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I was also happy to see quite a few of my craft beer connoisseur friends- some now happily employed at Open Gate Brewery. Although I was a bit mind-muddled from the day, I was able to recognize a few things that I wanted to share with all of you. First and foremost I am very aware of the controversy surrounding the entry of the new Guinness Brewery into Maryland. I want to put that aside for now as all of you know I will NEVER stop fighting for our craft breweries here in Maryland and a proper change to the archaic laws that bind them. I want to offer another perspective today.
The Open Gate Brewery was extremely well run and organized. The staff was incredibly diligent, genuinely smiling and kind- despite the volume of folks near closing. Yes, I can absolutely see people flying into BWI airport to experience the Guinness Brewery without having to cross the pond- although if you get the chance to travel to Ireland always take it! I personally do not think this is a bad thing. Beer tourism absolutely brings people into your brewery- large or small. This country is filled with craft beer travelers and our fine Maryland breweries already consistently lure beercationers year after year. I believe this brewery will add to those numbers- not only at the Guinness Brewery- but at each and every Maryland Brewery. With the availability of beer bus tours one merely has to step off of the airplane, drop their luggage at the hotel, and hop on a bus to sample more than 80 delicious Maryland breweries. It is ideal really, and everyone wins.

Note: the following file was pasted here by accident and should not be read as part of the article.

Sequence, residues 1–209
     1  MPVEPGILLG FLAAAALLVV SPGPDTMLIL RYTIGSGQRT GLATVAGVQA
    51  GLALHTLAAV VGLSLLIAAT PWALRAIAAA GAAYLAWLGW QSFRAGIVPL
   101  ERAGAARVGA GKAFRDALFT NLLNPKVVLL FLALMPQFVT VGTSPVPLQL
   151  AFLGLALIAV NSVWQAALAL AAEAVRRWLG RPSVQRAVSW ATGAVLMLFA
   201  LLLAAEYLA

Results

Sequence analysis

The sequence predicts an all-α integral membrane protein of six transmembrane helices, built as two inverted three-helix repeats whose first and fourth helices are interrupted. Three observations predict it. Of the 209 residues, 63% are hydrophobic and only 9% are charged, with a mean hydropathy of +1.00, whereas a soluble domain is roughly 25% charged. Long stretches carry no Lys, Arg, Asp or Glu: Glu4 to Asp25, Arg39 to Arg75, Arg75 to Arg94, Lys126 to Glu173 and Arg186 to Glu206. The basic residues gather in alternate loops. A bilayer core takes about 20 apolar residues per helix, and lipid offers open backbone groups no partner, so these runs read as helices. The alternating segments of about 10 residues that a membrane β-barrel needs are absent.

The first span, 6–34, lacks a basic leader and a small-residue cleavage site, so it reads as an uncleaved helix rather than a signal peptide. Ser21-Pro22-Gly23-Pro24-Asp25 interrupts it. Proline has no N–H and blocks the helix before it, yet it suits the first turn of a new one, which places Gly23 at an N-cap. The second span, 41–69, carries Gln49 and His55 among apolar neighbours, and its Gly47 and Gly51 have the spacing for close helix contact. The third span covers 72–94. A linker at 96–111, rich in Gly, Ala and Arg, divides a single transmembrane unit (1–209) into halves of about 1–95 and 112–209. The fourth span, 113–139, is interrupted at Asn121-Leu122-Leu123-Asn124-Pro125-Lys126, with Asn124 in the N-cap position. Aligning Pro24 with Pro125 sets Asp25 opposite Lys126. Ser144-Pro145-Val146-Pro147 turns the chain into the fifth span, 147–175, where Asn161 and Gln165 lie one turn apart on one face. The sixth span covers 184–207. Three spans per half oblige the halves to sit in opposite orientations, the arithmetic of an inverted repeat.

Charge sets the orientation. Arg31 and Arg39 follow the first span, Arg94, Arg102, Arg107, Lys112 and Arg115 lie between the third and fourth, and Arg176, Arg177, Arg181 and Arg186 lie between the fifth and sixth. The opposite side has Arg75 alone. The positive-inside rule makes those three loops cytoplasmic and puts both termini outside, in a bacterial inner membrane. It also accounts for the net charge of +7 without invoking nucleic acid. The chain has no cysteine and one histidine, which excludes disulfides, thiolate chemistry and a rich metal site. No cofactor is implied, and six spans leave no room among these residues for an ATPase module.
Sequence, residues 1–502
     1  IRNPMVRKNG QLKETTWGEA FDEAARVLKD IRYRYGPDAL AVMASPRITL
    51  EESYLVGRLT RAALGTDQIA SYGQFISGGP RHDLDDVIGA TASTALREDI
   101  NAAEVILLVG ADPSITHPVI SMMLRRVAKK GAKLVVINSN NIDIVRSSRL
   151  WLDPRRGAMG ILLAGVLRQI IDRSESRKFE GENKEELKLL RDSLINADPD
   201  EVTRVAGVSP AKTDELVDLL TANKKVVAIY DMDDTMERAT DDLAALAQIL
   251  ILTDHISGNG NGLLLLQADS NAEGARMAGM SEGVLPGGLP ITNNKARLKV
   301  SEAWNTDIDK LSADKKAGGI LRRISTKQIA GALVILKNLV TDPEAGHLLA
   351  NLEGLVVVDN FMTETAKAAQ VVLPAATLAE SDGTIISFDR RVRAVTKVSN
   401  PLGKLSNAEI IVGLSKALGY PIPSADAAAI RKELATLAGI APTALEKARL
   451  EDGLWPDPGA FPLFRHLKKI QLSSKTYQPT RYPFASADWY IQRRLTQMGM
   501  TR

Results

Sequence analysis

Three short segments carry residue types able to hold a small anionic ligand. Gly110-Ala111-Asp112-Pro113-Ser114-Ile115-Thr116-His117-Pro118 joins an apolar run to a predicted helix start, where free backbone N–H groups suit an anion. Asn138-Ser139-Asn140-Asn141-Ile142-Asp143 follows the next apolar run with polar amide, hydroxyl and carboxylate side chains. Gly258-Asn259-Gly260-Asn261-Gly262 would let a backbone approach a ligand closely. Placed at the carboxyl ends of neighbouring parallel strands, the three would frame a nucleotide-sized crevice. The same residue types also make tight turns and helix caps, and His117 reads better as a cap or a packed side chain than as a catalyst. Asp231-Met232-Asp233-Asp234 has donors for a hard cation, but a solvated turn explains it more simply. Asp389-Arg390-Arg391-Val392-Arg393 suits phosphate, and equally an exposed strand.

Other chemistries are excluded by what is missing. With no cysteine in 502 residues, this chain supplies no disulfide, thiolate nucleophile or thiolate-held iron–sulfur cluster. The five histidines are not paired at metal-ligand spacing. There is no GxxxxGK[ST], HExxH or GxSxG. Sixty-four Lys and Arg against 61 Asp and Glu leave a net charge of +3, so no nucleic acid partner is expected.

The other observation that I feel VERY strongly about is this: Crosslands Pale Ale is really good for Maryland. It brings national attention to the quality of both the hops grown and the malt made here in the Free State. I think this is outstanding. I could not be more proud of our local farmers and maltsters, and excited at the doors this may open for them. Even folks that don’t regularly drink craft beer will get a chance to sample the quality of our local ingredients. Not only will this urge them on to sample more from our diverse breweries, it will inspire more investment in planting malting grains (that save the Chesapeake Bay) and expansive malting operations to supply our breweries.
Sure I could go on about jobs, and the boost to the economy at this point… but I know you already have that figured out. Whatever your feelings, I respect them. I wanted you to know I am rooting for our Maryland breweries, farmers, and maltsters-each and every one of them.
Sláinte!